• Visual Assets. Specify the logos that appear for your app.
  • Capabilities. Specify system features or devices that your app can use, such as Internet access, current location, and Music access.
  • Declarations. Add declarations for app contracts, like search and share target contracts, and specify their properties.
  • Content URIs. Specify URIs that your app either can or can't access. This tab appears only for JavaScript projects.
  • Packaging. Set properties that identify and describe your package when it is deployed.
For more info about the app manifest settings, see Manifest Designer.
To open the Manifest Designer, double-click the package.appxmanifest file in Solution Explorer, or right-click the file and click View Designer.

Writing code

Visual Studio Express 2013 for Windows includes full-featured editors for the following languages: JavaScript, HTML/XML/XAML, CSS, C#, Visual Basic, C++, HLSL. The editors provide many language-specific features that you can customize to help create your app:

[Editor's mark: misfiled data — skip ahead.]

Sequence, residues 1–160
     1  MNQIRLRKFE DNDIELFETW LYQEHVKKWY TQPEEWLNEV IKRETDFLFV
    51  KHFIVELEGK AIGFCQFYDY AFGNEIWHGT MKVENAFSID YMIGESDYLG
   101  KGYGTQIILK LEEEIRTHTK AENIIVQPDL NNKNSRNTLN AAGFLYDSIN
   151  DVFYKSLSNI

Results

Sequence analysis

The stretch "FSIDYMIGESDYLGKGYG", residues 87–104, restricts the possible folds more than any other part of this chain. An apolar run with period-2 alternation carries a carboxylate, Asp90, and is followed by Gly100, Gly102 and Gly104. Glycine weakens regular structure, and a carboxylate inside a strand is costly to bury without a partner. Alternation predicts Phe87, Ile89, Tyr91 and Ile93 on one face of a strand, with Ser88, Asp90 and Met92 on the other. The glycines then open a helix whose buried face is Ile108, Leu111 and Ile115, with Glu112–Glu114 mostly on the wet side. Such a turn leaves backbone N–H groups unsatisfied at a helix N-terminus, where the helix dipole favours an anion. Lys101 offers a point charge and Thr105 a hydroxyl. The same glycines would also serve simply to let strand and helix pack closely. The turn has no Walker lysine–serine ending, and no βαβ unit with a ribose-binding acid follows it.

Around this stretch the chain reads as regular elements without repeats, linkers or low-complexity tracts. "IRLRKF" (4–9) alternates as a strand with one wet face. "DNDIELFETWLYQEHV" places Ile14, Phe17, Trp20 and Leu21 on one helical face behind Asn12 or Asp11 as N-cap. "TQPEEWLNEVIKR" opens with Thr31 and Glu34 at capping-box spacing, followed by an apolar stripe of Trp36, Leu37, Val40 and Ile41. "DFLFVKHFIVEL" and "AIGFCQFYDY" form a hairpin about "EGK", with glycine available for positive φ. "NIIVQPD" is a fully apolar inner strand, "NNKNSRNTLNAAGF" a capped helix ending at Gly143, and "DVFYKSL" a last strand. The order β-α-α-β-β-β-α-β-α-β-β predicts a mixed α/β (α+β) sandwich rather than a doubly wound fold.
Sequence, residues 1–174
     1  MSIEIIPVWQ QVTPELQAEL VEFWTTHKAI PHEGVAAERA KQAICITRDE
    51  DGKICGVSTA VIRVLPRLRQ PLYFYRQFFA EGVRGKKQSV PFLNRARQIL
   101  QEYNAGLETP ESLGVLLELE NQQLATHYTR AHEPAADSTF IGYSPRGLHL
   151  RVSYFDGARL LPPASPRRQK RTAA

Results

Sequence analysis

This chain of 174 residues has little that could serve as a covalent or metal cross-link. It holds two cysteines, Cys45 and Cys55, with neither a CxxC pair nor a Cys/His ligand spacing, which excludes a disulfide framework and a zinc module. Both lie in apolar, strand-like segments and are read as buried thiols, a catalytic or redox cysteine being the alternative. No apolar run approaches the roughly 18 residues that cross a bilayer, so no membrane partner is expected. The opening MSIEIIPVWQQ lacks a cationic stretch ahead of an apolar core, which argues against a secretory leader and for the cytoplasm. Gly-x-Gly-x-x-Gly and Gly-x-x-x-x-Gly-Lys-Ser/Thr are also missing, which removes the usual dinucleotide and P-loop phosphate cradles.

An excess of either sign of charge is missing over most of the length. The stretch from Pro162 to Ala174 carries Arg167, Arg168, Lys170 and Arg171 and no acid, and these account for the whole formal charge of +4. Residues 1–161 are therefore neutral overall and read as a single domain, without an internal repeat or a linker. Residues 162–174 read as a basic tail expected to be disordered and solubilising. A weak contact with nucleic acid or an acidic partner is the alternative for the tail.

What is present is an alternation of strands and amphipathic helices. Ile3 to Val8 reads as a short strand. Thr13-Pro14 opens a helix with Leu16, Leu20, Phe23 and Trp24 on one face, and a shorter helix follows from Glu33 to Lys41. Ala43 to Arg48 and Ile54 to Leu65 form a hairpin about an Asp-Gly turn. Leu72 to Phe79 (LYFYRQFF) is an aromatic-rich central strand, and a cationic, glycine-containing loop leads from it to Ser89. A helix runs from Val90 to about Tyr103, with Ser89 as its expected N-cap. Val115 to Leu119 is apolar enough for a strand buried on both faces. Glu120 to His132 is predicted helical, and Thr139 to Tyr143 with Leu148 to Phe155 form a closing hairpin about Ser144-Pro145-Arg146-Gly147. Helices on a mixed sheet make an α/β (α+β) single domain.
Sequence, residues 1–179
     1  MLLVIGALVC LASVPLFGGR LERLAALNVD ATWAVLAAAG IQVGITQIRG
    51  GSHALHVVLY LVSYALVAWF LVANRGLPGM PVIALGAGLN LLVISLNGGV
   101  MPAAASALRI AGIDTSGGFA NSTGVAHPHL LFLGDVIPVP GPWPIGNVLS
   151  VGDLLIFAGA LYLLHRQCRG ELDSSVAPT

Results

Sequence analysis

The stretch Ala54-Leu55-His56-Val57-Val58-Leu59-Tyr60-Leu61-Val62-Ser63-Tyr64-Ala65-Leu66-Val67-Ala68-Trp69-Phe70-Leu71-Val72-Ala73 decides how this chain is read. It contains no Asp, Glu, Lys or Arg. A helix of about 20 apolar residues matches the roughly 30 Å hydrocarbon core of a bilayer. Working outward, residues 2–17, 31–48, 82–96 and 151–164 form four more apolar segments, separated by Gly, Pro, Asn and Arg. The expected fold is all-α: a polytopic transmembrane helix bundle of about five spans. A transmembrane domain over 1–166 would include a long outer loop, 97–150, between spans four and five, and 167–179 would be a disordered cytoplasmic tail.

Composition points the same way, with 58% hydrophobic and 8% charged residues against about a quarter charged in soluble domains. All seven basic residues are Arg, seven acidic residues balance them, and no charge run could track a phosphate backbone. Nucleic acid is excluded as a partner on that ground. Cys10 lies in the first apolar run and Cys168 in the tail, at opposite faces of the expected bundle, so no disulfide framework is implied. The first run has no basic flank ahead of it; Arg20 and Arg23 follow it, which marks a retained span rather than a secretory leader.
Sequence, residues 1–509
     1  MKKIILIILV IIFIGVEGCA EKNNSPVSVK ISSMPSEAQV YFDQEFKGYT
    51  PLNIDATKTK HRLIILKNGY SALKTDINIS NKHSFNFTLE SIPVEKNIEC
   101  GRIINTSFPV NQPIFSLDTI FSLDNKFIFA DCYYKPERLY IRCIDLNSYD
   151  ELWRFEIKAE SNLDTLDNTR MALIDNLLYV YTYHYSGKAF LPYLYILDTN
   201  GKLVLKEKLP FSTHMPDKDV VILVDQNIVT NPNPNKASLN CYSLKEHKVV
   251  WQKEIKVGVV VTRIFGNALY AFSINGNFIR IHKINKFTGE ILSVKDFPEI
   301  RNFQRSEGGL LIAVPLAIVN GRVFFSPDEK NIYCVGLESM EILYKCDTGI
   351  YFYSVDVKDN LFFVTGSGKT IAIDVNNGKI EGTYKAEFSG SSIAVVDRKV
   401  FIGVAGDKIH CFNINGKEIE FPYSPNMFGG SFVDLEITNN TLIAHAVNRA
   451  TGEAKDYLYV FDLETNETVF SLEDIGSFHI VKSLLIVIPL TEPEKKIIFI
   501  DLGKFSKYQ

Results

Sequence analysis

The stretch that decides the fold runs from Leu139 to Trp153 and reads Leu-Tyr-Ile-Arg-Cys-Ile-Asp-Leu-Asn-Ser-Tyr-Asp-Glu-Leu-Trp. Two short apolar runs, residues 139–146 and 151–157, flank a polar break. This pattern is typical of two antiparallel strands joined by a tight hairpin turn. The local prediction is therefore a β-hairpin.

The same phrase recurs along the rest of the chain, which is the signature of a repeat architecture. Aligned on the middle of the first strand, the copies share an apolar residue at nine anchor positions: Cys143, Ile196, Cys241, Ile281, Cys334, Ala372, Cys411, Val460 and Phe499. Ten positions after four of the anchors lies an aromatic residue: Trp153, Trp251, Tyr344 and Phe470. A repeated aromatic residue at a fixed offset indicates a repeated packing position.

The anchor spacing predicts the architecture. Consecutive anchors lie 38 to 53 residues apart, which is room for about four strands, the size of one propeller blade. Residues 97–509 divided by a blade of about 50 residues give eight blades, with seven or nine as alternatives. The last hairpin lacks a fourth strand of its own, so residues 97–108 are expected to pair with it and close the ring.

• IntelliSense, which provides features such as statement completion and parameter Help as you type code. This illustration shows a member list in the C# Code Editor. Note that the list also displays a Quick Info box for the selected item.
    IntelliSense member list
  • Code snippet insertion, available by right-clicking in a code file and clicking Insert Snippet.
  • Navigation aids like Go To Definition, Bookmarks, and Navigate To.
    The Go To Definition command enables you to find the definition of a class or function by right-clicking the identifier and clicking Go To Definition. (Visual Basic and Visual C++ use the Object Browser to display information about Windows Runtime types.)
    This illustration shows options like Go To Definition and Insert Snippet in the JavaScript Code Editor:
    Features in the Code Editor
    To set and use Bookmarks, click Edit > Bookmarks , or use the shortcut keys shown on the Bookmarks submenu.
    Open the Navigate To window by pressing Ctrl+Comma with the Code Editor open, or by clicking Edit > Navigate To. Navigate To can find symbol definitions and file names in the solution, but not local variables.
  • Outlining, word wrap, displayed line numbers, and other features.